HOUSE MINORITY LEADER Brad Jones on Thursday blocked consideration of emergency rules for the Massachusetts House for the second day, amid a debate that is throwing off efforts by Gov. Charlie Baker to improve the state’s cash flow.

Baker, a Republican, filed a bill March 27 that would let Treasurer Deborah Goldberg borrow money this fiscal year to help the state’s cash flow, given the delayed income tax deadline. Under state law, passing a spending bill requires a roll call vote of the House and Senate, which can only happen when the bodies are in formal sessions.

A plan proposed by Democratic House leaders this week to move into formal session with remote participation has been held up amid debates over the details. The main dispute right now is over rules governing how members can sign up to speak on the House floor and how many times they can speak.

With no formal sessions, no action has been taken on Baker’s bill. Baker said Thursday that the bill is necessary so the state can borrow money before the fiscal year ends June 30. Baker said he initially hoped the bill would be signed by May 1 to send a positive message to rating agencies and it “really needs to happen sometime in the month of May.”

In a statement Wednesday, DeLeo blamed Republicans for holding up the bill. “The Republican action could imperil the state’s cash flow, require cuts to services for vulnerable populations during a public health crisis, and harm the state’s bond rating, which will only add to the future cost of borrowing,” DeLeo said.

But Jones, the Republican leader from North Reading, said GOP members offered to let the rules go into effect solely to pass the borrowing bill, then sunset, a suggestion Democrats rejected. Jones said representatives could also take initial steps to send the bill to the Senate, then save the roll call vote for final enactment, which would buy them more time to negotiate rules.

Jones noted that the members only saw the rules proposal Monday. “It is a dramatic change from the way that the Legislature has done business and people want some time to get their mind around that,” Jones said. He noted that the rules are not only about remote voting, but about remote debate and deliberations.

Assistant Majority Leader Joseph Wagner, a Chicopee Democrat, said the proposed rules are fair since every member, Democrat or Republican, must abide by the same limits on who can speak when.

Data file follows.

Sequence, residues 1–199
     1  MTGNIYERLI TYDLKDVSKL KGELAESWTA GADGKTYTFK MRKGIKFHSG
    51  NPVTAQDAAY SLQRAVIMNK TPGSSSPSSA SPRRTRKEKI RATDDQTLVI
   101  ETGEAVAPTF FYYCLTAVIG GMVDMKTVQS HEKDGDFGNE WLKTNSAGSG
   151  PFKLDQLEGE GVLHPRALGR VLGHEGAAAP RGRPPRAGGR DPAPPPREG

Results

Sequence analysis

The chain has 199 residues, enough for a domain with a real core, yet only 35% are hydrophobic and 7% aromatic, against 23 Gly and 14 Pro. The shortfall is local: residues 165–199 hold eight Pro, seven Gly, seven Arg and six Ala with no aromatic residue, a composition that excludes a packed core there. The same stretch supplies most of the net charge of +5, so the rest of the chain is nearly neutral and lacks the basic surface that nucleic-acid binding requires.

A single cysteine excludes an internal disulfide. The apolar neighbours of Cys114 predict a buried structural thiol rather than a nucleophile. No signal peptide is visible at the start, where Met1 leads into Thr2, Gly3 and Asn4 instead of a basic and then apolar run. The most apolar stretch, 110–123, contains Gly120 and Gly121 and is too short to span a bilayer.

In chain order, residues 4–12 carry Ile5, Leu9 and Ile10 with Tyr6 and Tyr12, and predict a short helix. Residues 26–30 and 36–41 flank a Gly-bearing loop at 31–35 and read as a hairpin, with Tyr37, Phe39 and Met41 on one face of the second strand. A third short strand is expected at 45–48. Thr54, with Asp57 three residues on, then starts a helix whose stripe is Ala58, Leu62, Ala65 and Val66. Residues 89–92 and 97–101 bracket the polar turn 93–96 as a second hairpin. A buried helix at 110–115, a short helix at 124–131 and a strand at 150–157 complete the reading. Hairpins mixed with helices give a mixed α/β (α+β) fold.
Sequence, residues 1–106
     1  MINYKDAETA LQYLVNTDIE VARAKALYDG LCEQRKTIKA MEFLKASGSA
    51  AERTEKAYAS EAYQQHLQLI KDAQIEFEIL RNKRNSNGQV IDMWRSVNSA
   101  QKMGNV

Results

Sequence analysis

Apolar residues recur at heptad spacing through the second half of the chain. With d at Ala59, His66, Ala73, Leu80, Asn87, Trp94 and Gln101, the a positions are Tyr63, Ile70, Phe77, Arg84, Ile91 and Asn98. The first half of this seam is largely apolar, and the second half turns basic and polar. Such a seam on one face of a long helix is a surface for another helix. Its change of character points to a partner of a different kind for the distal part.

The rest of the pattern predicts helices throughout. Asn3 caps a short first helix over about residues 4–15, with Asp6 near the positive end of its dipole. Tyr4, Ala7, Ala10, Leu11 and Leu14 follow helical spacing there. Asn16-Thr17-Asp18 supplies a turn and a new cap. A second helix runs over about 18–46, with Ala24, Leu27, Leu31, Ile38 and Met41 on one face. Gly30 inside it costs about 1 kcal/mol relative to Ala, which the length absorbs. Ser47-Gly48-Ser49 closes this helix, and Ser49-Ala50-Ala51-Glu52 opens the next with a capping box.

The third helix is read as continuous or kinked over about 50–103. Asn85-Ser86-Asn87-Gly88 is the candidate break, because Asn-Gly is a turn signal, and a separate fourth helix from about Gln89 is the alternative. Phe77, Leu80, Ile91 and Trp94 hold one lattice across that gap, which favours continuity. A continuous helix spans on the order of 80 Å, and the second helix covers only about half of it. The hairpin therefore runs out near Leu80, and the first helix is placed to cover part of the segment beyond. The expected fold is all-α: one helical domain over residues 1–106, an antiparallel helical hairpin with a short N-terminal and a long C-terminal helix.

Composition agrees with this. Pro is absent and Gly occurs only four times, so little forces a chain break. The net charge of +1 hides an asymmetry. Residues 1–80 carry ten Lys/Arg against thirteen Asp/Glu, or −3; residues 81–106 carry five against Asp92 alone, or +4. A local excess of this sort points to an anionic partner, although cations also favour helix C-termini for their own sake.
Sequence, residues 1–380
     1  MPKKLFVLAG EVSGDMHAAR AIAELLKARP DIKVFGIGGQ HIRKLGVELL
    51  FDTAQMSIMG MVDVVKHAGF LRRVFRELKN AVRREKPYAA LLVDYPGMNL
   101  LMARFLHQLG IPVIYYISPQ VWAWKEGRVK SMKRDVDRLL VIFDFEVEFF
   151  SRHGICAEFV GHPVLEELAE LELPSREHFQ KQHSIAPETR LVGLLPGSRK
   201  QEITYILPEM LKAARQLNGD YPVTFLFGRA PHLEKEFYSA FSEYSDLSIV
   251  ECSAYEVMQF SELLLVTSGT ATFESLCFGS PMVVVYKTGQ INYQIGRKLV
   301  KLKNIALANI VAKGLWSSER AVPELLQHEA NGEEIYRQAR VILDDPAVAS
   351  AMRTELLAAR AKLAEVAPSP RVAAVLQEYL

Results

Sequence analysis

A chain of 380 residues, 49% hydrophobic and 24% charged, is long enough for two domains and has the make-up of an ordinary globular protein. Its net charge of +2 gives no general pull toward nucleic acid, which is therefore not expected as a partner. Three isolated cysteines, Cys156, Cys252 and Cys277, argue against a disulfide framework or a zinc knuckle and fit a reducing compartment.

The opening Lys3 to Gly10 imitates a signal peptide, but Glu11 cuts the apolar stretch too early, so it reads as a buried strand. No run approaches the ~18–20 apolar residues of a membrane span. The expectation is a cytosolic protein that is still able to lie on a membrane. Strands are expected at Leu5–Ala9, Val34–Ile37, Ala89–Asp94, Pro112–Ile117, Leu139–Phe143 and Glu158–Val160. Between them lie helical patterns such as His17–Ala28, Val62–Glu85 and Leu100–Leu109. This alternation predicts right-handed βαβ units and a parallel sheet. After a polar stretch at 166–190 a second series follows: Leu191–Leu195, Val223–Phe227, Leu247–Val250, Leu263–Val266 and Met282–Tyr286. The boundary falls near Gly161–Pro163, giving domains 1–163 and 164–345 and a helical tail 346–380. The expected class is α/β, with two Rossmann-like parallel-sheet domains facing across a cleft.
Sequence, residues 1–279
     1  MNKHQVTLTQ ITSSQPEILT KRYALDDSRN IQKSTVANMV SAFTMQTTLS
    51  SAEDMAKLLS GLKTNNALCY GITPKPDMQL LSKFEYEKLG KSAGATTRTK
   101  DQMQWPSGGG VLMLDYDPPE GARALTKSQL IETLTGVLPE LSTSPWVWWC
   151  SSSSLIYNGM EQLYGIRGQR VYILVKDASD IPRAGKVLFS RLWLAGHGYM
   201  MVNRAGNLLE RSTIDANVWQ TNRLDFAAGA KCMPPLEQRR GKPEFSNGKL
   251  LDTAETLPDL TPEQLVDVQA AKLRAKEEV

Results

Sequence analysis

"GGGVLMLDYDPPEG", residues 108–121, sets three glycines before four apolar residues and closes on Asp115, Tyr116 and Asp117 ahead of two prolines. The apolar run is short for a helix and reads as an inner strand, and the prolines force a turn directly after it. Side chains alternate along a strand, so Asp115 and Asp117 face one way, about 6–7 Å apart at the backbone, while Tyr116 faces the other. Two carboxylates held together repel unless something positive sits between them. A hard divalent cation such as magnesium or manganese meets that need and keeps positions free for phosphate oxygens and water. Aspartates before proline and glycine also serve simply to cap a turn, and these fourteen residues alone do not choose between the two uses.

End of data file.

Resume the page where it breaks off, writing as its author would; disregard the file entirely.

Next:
“I think the rules as proposed treat every member equally,” Wagner said. Wagner said the Republicans are simply trying to gain an advantage in the rules that they lack in numbers. There are just 31  Republicans in the 160-member House.

Wagner said Republicans appear to be saying that they will accept the rules for a piece of legislation they support, but they want to revisit them if another piece of legislation comes up. “I can’t quite wrap my arms around that thought process,” Wagner said.

Wagner said Democrats feel they need some method of returning to formal session, so they can begin to move more legislation forward, including bills that require a voice vote. “These are uncharted waters and unprecedented times and the rules necessarily require a structure that is different than what we consider normal operating procedure,” Wagner said.

The House will return for an informal session Monday. Jones said the parties have been negotiating and he is hopeful by Monday “we could get to a better place and develop consensus that would allow us to move forward.”

On the Senate side, Newton Democrat Cynthia Creem, who is chairing a committee looking at legislative procedures, said the Senate is prepared to hold a formal session to vote on the bond bill once it comes over from the House. Senators will be allowed to either vote in person, with social distancing precautions in place, to vote from their offices, or to stay home and send a letter to the clerk authorizing another senator to cast a vote on their behalf and specifying what their vote will be.

Creem said other than to pass the borrowing bill, senators hope to resume formal sessions by June 1.